Blacks fire then fade

JON CARDINELLI says the All Blacks mixed the sublime with the decidedly ordinary in their 41-10 victory against Tonga at Eden Park.

The build up to this fixture was as Hollywood as you like, with a captivating opening ceremony succeeded by rousing performances of the sipi tau and ka mate. It was at this moment where the contest reached a climax, as the game itself was all too predictable with the No 1 ranked side proving too strong for their Pacific island neighbours.

It was a match where the spectacle was something to be celebrated more than the rugby contest. The All Blacks stayed true to the occasion by producing a performance that was impressive from a skills and finishing point of view, but largely underwhelming in terms of forward play.

Their scrum was inconsistent and they won’t be pleased with their poor discipline at the breakdown. The backs sparked the necessary go-forward in the first half through sheer strength, dazzling footwork and basketball offloads that wouldn’t have been out of place in a Harlem Globetrotters exhibition match.

Israel Dagg wrote his name into World Cup history when crossed for the tournament’s first try in the 12th minute. Richard Kahui broke the line and offloaded to a rampaging Sonny Bill Williams, and the ball recycled quickly for Kahui to create the space for Dagg to score.

Dan Carter and Ma’a Nonu also featured prominently as the All Blacks continued to slice through the Tongan defence. Williams had the crowd on their feet when he produced one of those magic offloads to set up the hosts’ second try, and also played a telling part in the third. A back-of-the hand offload to Isaia Toeava flummoxed the defenders and ultimately created the score for Kahui, while a diving pass to Dagg proved another unforgettable moment.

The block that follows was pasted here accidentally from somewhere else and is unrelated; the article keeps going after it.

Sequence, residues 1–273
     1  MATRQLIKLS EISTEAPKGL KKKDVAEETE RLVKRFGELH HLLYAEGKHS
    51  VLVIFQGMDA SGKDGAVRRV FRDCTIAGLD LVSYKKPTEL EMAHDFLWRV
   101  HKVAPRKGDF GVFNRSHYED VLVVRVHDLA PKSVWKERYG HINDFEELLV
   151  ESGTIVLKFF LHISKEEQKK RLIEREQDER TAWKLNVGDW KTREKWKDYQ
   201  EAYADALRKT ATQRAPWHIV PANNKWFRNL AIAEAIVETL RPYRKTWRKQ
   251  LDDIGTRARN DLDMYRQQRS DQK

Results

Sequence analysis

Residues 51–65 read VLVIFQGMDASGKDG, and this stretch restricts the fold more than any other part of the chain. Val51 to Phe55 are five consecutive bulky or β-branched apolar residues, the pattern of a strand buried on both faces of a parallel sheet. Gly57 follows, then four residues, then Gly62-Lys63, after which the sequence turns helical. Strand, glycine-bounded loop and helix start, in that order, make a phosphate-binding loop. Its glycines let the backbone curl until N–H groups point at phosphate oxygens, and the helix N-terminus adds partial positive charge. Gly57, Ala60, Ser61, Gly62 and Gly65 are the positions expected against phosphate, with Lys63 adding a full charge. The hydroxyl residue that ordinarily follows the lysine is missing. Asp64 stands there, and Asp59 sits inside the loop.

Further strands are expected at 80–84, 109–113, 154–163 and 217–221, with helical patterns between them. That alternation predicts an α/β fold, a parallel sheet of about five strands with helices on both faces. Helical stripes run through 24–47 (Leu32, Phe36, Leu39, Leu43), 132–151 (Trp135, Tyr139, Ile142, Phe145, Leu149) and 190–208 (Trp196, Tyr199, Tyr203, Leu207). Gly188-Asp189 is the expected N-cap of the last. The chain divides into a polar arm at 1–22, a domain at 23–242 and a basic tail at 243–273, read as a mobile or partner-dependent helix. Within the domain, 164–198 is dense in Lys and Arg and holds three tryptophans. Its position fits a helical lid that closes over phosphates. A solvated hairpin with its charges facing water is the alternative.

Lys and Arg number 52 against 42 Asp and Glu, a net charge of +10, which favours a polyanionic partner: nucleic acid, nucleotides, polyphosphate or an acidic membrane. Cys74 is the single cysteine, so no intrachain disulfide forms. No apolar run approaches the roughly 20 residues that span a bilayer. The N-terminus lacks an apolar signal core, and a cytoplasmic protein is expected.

Dagg sparked the All Blacks’ fourth when he took the ball from a standing position and then rounded some lazy Tongan defence. Kahui was on hand again to receive the final pass, and slid past the last would-be tackler to complete the finish.

Tonga flyhalf Kurt Morath got the visitors on the board in the 40th minute, and this would prove to be a confidence-boosting score. The Tongans tackled like men possessed in the third quarter as the All Blacks’ pack struggled to deliver as a collective, and that pressure transferred to the backs who were not as slick and clinical as they were in the first half.

A piece of individual brilliance by Kahui provided the breakthrough, as the All Blacks winger chipped, ran and regathered before firing off a fine pass to Jerome Kaino. Kaino was one of the standouts for the All Blacks forwards, but sadly for the hosts, the new look back row never gelled to create the necessary continuity that the New Zealanders so enjoy.

The Tongans refused to let this try shatter their confidence, and turned down a kickable penalty later in the half that may have added some more respectability to the scoreline.

They camped on the All Blacks’ tryline for what seemed an eternity and forced the hosts to concede multiple penalties at scrum-time, and finally reserve prop Alisona Taumalolo found a way through the New Zealand defence. It was a score that evoked such a clamorous response from the Tongan fans that you would have thought they’d won the cup itself.

While the All Blacks will pleased with their backline display in the first half, the performance by the forwards was erratic and may have been punished by stronger opposition. Tonga overcame a poor start to produce a proud showing in the second stanza, and it is from this period of play where they will draw the most confidence ahead of their subsequent World Cup matches.

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